On May 22, Guderian was ready to advance on all three ports, delegating the Second Panzer Division to seize Boulogne. The forces opposing it in the two French ports were so weak that it might conceivably have overwhelmed them at little cost in time or men.
However, an unsuccessful British counterattack at Arras to the east afflicted the German high command with a bout of second-guessing, delaying Guderian’s planned attack on May 22 by five hours. That seemingly minor deferral bought the Allies vital time.
One day earlier, the Twentieth Guards Brigade had been pulled from training maneuvers in England on orders from London. By 6:30 a.m. the following morning, its Second Irish Guards and Second Welsh Guards infantry battalions had been ferried to Boulogne with orders to defend the port city, along with a battery of two-pound antitank guns and a company of field engineers.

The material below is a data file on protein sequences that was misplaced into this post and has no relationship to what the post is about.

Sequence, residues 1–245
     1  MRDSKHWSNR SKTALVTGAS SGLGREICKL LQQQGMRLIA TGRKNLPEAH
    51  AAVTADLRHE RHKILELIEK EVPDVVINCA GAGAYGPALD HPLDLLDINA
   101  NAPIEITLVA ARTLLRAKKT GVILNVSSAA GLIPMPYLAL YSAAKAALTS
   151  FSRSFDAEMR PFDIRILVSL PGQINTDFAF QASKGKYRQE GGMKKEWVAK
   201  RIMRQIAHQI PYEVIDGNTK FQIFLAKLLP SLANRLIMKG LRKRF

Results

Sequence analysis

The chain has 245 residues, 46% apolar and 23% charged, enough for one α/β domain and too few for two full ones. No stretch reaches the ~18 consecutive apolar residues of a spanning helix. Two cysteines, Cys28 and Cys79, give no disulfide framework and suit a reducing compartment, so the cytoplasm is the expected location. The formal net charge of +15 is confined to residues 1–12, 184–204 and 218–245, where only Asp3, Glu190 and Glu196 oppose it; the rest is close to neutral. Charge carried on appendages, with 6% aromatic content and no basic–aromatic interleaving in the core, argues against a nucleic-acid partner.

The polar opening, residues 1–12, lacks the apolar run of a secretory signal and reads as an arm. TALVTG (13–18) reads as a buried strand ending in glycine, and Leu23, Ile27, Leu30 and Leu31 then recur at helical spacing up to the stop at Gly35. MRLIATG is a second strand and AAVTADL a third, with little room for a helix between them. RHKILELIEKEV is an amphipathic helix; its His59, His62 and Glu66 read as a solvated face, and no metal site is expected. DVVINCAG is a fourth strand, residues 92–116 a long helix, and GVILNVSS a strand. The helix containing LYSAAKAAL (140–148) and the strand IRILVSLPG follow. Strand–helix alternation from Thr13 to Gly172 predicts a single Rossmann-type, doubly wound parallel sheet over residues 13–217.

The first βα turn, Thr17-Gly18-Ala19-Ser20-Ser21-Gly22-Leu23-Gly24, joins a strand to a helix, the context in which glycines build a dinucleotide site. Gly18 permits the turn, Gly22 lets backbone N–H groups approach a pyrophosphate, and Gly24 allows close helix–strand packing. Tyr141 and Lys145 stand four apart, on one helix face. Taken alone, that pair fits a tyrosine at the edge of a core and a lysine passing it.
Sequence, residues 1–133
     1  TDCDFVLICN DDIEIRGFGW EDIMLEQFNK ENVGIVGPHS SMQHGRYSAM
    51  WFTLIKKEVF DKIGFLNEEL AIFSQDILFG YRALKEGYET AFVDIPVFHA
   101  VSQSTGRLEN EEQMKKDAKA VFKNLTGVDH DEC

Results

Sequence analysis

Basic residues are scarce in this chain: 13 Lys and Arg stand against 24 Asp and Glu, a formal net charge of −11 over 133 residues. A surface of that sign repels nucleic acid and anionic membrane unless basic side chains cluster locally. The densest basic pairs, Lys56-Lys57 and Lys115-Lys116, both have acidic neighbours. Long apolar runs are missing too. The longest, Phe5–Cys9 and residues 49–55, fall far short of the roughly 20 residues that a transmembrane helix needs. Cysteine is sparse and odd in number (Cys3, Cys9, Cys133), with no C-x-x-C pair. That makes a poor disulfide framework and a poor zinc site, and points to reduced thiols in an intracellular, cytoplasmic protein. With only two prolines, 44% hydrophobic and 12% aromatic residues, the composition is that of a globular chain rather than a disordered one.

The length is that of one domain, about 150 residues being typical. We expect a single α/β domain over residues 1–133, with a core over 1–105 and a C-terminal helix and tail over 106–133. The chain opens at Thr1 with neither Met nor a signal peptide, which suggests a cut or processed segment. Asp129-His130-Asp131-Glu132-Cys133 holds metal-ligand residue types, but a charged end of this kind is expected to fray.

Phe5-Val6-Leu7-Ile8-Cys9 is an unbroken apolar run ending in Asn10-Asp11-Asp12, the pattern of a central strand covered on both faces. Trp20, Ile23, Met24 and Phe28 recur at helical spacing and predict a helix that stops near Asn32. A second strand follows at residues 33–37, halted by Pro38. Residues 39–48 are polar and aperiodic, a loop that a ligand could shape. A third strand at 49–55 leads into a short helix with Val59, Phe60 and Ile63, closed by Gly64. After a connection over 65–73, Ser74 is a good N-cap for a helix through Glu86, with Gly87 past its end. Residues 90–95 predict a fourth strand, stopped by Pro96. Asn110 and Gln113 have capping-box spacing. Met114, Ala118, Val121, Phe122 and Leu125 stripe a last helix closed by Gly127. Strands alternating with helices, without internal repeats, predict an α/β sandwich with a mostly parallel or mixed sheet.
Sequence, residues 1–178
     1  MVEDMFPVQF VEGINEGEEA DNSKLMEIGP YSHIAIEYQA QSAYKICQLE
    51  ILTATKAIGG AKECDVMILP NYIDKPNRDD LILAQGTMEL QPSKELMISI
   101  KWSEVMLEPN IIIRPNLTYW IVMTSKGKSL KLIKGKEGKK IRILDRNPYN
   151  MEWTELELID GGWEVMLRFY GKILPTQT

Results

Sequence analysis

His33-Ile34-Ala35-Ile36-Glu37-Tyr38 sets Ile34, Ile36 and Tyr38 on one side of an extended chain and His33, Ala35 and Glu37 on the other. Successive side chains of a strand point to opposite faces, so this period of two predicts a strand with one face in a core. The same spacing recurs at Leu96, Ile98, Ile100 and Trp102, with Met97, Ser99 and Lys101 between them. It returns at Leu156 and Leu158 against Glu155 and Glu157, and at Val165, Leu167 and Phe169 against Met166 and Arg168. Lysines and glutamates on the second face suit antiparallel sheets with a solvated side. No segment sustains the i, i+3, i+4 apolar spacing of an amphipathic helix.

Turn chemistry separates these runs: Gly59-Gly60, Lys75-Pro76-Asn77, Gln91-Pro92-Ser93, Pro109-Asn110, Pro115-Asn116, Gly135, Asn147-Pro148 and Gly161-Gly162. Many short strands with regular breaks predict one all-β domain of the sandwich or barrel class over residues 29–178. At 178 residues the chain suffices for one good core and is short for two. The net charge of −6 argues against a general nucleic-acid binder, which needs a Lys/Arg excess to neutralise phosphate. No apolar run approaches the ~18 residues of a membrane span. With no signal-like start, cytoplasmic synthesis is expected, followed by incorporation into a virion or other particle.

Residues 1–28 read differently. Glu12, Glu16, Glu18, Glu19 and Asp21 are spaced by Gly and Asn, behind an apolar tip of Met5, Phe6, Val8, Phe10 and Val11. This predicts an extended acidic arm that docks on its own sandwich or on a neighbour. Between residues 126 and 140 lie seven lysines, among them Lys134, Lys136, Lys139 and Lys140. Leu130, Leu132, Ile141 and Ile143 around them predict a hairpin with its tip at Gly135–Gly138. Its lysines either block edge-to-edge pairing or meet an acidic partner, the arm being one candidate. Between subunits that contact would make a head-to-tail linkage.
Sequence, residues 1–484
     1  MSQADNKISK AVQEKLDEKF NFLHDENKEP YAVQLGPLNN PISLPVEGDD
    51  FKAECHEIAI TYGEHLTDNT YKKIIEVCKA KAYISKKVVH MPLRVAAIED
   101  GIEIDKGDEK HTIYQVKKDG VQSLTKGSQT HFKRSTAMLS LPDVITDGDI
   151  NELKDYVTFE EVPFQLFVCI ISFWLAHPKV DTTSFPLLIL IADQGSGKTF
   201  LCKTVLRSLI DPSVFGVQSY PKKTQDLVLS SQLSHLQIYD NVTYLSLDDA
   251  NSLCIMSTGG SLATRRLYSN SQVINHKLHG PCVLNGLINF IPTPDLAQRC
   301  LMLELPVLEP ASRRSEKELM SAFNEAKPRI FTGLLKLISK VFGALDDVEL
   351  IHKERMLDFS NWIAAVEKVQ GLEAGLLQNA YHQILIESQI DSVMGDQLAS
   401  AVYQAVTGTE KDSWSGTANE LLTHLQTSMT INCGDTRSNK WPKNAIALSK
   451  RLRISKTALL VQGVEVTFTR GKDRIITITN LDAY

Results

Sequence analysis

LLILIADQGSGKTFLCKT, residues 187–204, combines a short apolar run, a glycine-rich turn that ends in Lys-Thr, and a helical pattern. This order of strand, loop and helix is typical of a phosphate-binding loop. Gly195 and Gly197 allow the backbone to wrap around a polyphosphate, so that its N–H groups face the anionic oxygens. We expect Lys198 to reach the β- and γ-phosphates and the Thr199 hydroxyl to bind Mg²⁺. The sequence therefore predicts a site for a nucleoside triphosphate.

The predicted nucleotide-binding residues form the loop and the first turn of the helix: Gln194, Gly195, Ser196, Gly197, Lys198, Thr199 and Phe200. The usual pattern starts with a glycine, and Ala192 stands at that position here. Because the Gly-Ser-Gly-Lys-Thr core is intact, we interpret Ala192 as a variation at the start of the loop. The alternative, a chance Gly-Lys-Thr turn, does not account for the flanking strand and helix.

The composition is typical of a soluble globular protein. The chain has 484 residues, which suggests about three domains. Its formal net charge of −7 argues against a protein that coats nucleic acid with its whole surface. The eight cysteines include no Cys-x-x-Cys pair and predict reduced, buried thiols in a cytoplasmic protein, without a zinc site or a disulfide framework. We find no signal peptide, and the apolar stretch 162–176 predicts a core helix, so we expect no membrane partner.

Boulogne lies on low ground at the mouth of the Liane River. Wishing to at least start on the high ground, Brigadier General Fox-Pitt deployed the Welsh Guards to hold the hilly northeastern approach to the town, while the Irish Guards covered the southwestern flank. The six-mile perimeter gave the British a little room to fall back before hitting the urban center. The British infantry successfully repelled the first probes of the Second Panzer Division that afternoon.
Meanwhile, the much larger French Twenty-First Infantry Division began deploying to assume additional defensive positions to the south of Boulogne. Indeed, the division’s forty-eighth regiment managed to knock out nine tanks with their trusty old seventy-five-millimeter Model 1897 field guns at Nesles and Neufchatels before being forced to withdraw to Boulogne. But the bulk of the division was still on the way.